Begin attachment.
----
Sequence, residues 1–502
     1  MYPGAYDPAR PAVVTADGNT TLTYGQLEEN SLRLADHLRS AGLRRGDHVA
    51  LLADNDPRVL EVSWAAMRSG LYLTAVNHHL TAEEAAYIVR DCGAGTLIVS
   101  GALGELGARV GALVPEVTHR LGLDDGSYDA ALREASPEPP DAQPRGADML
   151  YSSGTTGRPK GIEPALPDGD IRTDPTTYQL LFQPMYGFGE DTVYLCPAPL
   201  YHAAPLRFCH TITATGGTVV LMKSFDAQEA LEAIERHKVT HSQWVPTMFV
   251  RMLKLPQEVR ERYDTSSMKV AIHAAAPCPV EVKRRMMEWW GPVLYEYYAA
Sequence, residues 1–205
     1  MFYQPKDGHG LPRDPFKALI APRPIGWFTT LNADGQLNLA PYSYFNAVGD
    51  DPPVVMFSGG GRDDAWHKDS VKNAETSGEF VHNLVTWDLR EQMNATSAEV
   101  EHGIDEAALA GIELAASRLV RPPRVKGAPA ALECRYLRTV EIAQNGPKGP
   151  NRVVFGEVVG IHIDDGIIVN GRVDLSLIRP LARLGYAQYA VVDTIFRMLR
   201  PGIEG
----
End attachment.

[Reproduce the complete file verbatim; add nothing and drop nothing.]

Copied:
Sequence, residues 1–502
     1  MYPGAYDPAR PAVVTADGNT TLTYGQLEEN SLRLADHLRS AGLRRGDHVA
    51  LLADNDPRVL EVSWAAMRSG LYLTAVNHHL TAEEAAYIVR DCGAGTLIVS
   101  GALGELGARV GALVPEVTHR LGLDDGSYDA ALREASPEPP DAQPRGADML
   151  YSSGTTGRPK GIEPALPDGD IRTDPTTYQL LFQPMYGFGE DTVYLCPAPL
   201  YHAAPLRFCH TITATGGTVV LMKSFDAQEA LEAIERHKVT HSQWVPTMFV
   251  RMLKLPQEVR ERYDTSSMKV AIHAAAPCPV EVKRRMMEWW GPVLYEYYAA
Sequence, residues 1–205
     1  MFYQPKDGHG LPRDPFKALI APRPIGWFTT LNADGQLNLA PYSYFNAVGD
    51  DPPVVMFSGG GRDDAWHKDS VKNAETSGEF VHNLVTWDLR EQMNATSAEV
   101  EHGIDEAALA GIELAASRLV RPPRVKGAPA ALECRYLRTV EIAQNGPKGP
   151  NRVVFGEVVG IHIDDGIIVN GRVDLSLIRP LARLGYAQYA VVDTIFRMLR
   201  PGIEG